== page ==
α-SMA staining is observed around post capillary venules and arterioles, but not near lymphatic vessels. Immunofluorescence of (A) post capillary venule, (B) arteriole, and (C) lymphatic vessel of naïve murine skin. (A, B, C) Paraffin sections stained with FITC-mouse monoclonal to α-SMA (green), goat anti-mouse VE-cadherin (cyan), nuclei (blue), (C) rabbit anti mouse LYVE1 (blue). Images were taken at 100X magnification. Scale bar represents 5 µm.


Figure S2.

10E4 staining of WT and proteoglycan-deficient CHO cells. (A) WT and (B) HS deficient CHO cells stained for HS (red) and nuclei (blue). Images were taken at 20X magnification. Scale bar represents 40 µm.


Figure S3.

Arterioles deposit HS at their basolateral compartment. An arteriole in paraffin section of naïve murine skin, stained for α-SMA (green), HS (red), VE-cadherin (cyan) and nuclei (blue). (C) Merged image. Images were taken at 100X magnification. Scale bar represents 5 µm.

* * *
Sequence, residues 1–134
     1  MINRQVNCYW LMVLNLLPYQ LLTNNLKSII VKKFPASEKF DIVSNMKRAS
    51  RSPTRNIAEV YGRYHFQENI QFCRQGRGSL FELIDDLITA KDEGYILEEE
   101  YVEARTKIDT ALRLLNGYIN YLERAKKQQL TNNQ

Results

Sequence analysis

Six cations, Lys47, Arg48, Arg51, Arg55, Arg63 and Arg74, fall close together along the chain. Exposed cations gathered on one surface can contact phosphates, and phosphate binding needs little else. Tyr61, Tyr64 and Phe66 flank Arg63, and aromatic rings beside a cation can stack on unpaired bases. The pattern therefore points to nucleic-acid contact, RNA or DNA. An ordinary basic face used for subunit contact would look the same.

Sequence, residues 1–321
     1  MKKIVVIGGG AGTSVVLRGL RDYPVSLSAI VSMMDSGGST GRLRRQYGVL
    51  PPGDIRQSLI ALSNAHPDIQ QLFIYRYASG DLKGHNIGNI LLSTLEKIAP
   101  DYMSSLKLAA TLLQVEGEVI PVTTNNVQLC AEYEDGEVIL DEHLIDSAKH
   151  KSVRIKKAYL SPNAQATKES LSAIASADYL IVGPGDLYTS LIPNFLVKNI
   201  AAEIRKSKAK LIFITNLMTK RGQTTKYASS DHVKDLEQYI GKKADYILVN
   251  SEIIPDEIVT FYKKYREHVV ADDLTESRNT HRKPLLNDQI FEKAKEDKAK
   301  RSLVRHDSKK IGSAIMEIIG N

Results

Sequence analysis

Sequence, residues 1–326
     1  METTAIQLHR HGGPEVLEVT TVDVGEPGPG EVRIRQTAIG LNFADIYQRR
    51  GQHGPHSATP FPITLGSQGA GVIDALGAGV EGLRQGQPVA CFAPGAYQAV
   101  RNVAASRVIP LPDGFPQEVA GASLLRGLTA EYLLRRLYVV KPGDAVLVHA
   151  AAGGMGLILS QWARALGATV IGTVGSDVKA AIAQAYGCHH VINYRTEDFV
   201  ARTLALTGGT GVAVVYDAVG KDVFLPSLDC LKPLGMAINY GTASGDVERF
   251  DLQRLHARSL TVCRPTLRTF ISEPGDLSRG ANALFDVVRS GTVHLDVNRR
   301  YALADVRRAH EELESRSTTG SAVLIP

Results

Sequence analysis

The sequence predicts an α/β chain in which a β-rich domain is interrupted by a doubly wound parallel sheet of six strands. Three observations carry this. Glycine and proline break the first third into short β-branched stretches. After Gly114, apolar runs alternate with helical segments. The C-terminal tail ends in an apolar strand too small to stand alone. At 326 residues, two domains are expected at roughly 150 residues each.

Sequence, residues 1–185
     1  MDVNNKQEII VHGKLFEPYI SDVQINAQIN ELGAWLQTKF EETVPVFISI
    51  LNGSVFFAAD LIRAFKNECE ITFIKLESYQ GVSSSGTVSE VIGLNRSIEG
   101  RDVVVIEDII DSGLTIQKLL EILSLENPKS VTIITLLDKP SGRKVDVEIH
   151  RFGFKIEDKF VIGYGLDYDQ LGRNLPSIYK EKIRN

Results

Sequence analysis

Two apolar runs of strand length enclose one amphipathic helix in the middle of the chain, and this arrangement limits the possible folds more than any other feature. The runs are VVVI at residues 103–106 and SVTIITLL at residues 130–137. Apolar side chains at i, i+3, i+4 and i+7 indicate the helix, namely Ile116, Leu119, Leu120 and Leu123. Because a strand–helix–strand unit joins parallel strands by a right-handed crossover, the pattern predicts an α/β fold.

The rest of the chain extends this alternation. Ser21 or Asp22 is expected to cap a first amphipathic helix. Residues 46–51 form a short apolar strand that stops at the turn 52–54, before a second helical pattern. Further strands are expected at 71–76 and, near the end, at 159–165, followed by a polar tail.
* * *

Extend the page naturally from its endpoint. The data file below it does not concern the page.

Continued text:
Figure S4.

Elimination of HS staining in lymph node HEVs after Heparinase II digestion. Lymph node cryosections of the ROSAmT/mG x CD11c-Cre reporter mice stained for HS (grey) (A) without, or (B) after Heparinase II treatment. CD11c+ cells express the GFP protein (green). Endothelial cells express high levels of tomato protein reporter (red). Images were taken at 25X magnification. Scale bars represent 50 µm.


Data S1.

Cell culture conditions of Chinese hamster ovary (CHO) cells.



We thank Prof. I. Vlodavsky (Technion, Israel) and Dr. Sara Feigelson (Weizmann, Rehovot) for helpful discussions, Dr. Neta Ilan (Technion, Israel) and Dr. Jin-Ping Li (Uppsala, Sweden) for assistance with heparanase knock-out mice, Dr. Gilad Barak for developing dedicated software for fluorescence analysis of imaged sections, and Dr. S. Schwarzbaum (Weizmann, Rehovot) for editorial assistance.

Author Contributions

Conceived and designed the experiments: LSB CM MS RA. Performed the experiments: LSB CM MH. Analyzed the data: LSB CM. Contributed reagents/materials/analysis tools: ES. Wrote the paper: LSB CM RA.